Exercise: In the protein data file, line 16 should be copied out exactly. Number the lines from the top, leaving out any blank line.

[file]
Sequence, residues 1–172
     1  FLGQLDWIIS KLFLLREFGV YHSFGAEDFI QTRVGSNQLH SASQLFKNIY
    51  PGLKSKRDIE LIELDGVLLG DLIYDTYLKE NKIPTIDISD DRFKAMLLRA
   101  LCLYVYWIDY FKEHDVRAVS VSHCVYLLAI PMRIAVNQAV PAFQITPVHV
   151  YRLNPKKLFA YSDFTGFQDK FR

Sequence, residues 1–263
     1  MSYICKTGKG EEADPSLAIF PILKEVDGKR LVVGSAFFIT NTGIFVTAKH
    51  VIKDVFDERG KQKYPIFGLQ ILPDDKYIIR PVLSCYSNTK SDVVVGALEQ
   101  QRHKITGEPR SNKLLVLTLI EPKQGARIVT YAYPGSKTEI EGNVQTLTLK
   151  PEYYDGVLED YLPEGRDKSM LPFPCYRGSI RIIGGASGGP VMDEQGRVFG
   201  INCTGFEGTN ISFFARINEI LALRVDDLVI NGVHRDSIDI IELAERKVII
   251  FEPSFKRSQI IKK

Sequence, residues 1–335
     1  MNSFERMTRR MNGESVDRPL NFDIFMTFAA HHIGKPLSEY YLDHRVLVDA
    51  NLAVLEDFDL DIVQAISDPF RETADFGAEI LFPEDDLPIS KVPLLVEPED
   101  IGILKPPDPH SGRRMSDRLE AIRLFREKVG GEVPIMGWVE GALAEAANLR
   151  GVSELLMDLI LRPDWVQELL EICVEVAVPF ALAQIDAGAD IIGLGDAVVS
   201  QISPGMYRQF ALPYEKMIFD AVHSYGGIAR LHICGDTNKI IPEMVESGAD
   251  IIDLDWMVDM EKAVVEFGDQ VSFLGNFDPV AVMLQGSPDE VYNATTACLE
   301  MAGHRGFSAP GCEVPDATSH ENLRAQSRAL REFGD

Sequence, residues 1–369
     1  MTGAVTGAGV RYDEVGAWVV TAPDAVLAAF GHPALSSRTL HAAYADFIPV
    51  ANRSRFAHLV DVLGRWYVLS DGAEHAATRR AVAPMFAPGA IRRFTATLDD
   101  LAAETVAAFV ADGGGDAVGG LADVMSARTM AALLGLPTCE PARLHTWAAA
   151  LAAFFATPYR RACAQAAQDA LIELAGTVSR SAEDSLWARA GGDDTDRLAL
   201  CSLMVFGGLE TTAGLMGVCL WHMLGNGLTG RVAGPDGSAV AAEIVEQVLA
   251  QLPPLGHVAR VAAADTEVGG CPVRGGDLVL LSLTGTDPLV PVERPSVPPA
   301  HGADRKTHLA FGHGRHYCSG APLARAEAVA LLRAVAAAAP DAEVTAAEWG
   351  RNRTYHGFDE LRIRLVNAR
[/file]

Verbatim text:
   101  IGILKPPDPH SGRRMSDRLE AIRLFREKVG GEVPIMGWVE GALAEAANLR